When it comes to owning and running a business, big or small, every business person sees their business as providing a continuous income into partial retirement or providing a lump sum on disposal to fund their retirement, in addition to any planning they do with pensions whilst alive. Our last article looked at the amount that can be paid into pensions and gave all general advice to ensure that you do not inadvertently breach the limits on annual funding.
This article looks at the scenario of you, the Shareholder, dying and leaving a non-participating spouse with shares in a business they have no intention of getting involved in, what do they do and how are they protected?
In that unfortunate event if you do not have a Shareholder or Partnership agreement, the shares or value of your interest in the business become part of the estate. In this scenario, there is no basis on which the business is valued and although the business will not be a taxable part of your estate for inheritance taxes (in most circumstances) once the dust clears, your spouse is looking for the value to be realised. In any scenarios, it is also likely that the surviving business partner will want to purchase the business from the spouse of their deceased partner once the estate clears probate. This clearly represents a potentially huge financial burden, as there may not be the available funds to do this. Also, the estate may not want to sell the shares. The two questions that will be being asked by each party are: –
- Spouse – “What is the business worth really and how do I realise that value?”,
- Business Partner – “What is the business worth from my perspective now by business partner has died and how do I buy out my business partners spouse and how do I fund it?”
Although I would love to say this would never happen, it does happen, far too often and it is not nice from anyone’s perspective. To ameliorate the risks, we always advise our clients to do one of two things:
Step 1. To protect the spouse and give fixed valuation methodology – They will have a Shareholder / Partnership agreement that sets out what happens on death;
Then they will!
Step 2. Take out an insurance policy on their business partner so that on their death, the surviving partner receives a lump sum to buy the business from their deceased spouse for an amount detailed in the shareholders agreement.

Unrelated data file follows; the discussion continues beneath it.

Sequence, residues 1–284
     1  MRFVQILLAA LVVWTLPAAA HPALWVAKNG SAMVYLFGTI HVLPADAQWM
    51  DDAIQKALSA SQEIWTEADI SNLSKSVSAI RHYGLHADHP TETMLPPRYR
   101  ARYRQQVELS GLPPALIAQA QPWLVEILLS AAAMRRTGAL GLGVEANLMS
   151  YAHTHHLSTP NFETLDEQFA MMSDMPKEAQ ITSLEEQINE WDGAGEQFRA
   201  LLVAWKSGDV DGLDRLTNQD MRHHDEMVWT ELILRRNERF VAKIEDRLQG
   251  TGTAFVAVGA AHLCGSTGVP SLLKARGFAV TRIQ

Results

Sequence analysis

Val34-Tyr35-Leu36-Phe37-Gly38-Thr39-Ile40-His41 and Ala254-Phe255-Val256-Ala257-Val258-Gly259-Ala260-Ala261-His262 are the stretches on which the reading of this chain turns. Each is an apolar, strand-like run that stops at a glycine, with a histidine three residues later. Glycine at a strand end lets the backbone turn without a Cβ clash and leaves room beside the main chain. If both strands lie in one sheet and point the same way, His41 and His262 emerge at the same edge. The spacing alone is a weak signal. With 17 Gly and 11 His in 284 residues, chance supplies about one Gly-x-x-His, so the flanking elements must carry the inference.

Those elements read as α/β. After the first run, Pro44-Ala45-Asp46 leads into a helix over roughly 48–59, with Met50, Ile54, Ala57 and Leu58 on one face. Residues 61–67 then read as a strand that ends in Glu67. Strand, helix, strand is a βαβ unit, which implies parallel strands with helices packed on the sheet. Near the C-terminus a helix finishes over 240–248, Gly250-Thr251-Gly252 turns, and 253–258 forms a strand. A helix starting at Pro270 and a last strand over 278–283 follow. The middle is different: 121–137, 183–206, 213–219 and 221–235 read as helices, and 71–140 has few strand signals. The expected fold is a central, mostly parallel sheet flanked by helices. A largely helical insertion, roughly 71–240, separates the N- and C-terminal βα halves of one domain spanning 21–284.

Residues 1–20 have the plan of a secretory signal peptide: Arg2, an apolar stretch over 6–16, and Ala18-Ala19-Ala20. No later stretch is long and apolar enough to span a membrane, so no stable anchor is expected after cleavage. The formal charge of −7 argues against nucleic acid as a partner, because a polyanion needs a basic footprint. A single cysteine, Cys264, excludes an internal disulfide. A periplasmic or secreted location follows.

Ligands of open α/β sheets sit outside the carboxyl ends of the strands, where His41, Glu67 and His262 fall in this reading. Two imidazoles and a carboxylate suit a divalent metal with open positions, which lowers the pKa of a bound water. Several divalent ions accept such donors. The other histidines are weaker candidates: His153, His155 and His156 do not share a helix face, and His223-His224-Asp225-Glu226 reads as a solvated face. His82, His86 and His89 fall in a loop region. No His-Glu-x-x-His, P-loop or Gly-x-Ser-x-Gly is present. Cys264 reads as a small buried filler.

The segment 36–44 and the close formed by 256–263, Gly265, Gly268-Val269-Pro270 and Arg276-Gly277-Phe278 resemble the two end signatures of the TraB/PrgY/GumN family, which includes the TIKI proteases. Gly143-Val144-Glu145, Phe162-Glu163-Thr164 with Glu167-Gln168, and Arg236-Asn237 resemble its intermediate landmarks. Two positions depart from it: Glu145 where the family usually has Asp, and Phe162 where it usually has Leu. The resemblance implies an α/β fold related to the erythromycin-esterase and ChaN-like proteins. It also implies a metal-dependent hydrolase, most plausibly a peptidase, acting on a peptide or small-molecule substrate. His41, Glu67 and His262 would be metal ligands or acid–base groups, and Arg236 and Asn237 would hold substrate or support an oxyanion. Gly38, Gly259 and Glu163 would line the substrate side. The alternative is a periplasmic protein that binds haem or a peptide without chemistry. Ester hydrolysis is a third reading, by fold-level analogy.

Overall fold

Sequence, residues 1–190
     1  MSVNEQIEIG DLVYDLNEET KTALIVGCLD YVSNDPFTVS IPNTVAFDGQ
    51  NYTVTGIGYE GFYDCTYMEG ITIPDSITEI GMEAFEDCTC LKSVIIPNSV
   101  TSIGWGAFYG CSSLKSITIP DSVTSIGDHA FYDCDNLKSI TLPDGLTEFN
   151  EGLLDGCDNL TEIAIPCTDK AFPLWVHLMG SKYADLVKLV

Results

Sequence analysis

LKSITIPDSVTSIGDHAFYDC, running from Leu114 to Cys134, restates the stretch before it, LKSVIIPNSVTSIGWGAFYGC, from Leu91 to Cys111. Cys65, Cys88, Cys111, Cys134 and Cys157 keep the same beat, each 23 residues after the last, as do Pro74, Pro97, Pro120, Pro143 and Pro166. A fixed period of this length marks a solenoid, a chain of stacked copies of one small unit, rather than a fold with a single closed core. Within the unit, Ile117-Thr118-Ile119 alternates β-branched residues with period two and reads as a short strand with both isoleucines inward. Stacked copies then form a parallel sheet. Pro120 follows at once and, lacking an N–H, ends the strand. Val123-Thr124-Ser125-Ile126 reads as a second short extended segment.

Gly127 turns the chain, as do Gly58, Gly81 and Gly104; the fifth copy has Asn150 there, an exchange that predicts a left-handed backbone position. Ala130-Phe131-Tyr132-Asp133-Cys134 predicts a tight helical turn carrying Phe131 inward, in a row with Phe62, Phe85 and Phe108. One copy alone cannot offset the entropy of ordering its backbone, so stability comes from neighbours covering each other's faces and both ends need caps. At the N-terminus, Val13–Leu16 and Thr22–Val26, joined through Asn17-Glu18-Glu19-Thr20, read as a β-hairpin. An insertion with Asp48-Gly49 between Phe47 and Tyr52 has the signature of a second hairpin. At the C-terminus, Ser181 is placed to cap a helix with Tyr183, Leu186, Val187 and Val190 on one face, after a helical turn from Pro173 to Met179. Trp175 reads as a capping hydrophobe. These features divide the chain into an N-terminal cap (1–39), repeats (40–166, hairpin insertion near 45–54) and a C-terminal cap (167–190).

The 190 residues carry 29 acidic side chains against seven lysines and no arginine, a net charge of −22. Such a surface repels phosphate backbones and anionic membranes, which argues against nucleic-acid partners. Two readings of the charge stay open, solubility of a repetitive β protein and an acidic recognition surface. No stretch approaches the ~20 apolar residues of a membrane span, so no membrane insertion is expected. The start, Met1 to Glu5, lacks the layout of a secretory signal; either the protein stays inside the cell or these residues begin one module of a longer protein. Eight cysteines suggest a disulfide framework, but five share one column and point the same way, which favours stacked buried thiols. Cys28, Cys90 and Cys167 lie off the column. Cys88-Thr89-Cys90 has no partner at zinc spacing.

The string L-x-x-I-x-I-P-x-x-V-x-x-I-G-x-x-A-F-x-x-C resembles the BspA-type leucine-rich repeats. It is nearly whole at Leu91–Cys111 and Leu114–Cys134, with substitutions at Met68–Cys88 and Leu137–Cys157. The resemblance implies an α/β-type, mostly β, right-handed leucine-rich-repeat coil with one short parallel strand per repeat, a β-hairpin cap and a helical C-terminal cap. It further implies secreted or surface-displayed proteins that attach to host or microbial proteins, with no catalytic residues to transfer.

The first step will generally ensure the business has a suitable and up to date shareholder / partnership agreement, the most commonly used in the UK being a ‘cross-option’ agreement. This gives either party (the surviving business partner and spouse or recipient of the business assets) the legally binding option to buy / sell the shares. If either party exercises their option, in all cases the surviving shareholder must purchase the shares from the estate.
The second step is for either side to insure the risk and liability to ensure that if either business partner died that the risk of having to pay a large amount to buy the business interest is covered. In a business where you have two or more shareholders the monthly premiums are covered by the company but they become a benefit in kind. With multiple shareholders and individual policies, all underwritten with different premiums and loadings, it is acceptable to pool and equalise the premium so all shareholders have the same benefit in kind irrespective of age and health. If someone is uninsurable then this becomes a big issue that will be subject to a separate article.
To summarise, the shareholder / partnership agreement avoids disputes and gives control, and the life cover provides the necessary funds for the share purchase to happen. Not only does this assist with business continuity, but it also ensures that the estate receives a fair value quickly for their shares.
It is important that the correct structure is used for your specific business. In all cases, this is a very complex area that can cause significant problems if done incorrectly, so you should always seek financial and legal advice.
CEO & CIO
OCM Wealth Management